Maintaining your mental health after being made redundant: tips from Priory Group experts
Large increase in unemployment predicted by economic forecasters
Losing a job can have similar effects on mental health to bereavement
Priory Group Consultant Psychiatrists offer advice for managing the anxiety and stress associated with redundancy
October the 10th is World Mental Health Day, and this year we must face up to the challenges caused by the coronavirus pandemic. Concerns are mounting about the economic damage caused by the virus, which has put everyone’s mental health under additional strain. Recent polling shows fears about the pandemic’s effect on the economy now outweigh fears about its health consequences.
Economic forecasters are predicting steep rises in unemployment, particularly if lockdown restrictions need to be tightened up again. If a person loses their job they can experience some of the same feelings and stresses that they would if they were seriously injured, going through a divorce, or mourning the loss of a loved one. They can go through some or all of the stages of grieving just as they would with any other major loss.
Dr Andrew Iles, Consultant Psychiatrist at Priory’s Oxford Wellbeing Centre, says that if you find yourself in this situation there are ways you can try to help yourself, and stresses the importance of seeking help if you are struggling with your mental health – specifically anxiety and self-doubt.
He says, “Knowing that we have a stable income and have our finances in a healthy state is important for general well-being. Money is one of the most significant themes when it comes to stress. Few people can tolerate strains on their financial position without feeling worry or concern.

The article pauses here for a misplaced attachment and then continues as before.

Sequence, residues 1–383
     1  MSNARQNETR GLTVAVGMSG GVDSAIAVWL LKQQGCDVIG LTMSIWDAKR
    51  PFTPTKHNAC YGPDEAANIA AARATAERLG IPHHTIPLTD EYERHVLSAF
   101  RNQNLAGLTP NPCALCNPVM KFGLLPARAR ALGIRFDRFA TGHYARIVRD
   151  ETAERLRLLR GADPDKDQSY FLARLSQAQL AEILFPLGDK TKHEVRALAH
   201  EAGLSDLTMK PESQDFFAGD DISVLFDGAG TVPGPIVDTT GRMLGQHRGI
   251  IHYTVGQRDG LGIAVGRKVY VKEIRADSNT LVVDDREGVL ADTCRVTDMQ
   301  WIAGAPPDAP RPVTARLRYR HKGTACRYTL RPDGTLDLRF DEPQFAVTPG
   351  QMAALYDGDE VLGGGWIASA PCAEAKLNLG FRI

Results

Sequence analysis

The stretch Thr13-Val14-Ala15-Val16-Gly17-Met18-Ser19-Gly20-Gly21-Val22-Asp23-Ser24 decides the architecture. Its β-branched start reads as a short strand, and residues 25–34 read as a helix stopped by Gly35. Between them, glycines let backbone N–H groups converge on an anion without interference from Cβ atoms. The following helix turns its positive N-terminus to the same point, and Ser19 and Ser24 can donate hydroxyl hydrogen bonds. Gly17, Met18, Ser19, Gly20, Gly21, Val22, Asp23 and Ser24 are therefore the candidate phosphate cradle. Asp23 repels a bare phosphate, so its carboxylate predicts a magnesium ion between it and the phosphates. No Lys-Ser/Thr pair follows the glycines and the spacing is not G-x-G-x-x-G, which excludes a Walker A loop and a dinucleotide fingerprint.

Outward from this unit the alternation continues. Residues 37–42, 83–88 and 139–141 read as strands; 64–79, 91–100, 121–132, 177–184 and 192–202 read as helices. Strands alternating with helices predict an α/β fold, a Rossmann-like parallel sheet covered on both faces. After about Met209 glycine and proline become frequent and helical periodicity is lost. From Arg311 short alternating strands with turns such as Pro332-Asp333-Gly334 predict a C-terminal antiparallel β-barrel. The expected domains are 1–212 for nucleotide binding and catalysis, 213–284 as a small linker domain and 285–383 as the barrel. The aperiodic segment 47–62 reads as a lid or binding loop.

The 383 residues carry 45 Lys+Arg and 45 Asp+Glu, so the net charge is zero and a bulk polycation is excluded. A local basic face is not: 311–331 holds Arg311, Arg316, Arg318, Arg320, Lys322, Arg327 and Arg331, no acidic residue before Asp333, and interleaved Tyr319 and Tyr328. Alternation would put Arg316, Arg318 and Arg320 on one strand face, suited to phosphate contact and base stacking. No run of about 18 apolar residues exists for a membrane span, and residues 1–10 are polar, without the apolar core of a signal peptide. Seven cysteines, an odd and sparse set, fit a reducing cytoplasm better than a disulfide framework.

“Feeling secure and well provided for is a basic human need and anything which seeks to undermine that is likely to cause us to feel worried, depressed and fearful.”
The impact on mental health goes further. “Many people might describe their job or career as a vocation, for example being a nurse or a teacher. However, jobs define us all, not just these familiar members of our society. They also provide structure, job satisfaction and self-fulfillment.
“Jobs make us feel that we have purpose. For those of us who have children, it is one way we perform our duty of being a role model. Losing one’s job can lead to feelings of embarrassment and shame, or the fear that other people might see us as unsuccessful.”
While feeling anxious or worried during a difficult time is natural, it becomes a problem when it stops a person going about their daily life, creating issues in their work and home lives. Dr Natasha Bijlani, consultant psychiatrist at Priory’s Roehampton Hospital explained; “While anxiety is a very normal and natural response to stress, and can actually enhance performance, excess levels become counter-productive and hinder one's ability to function properly.”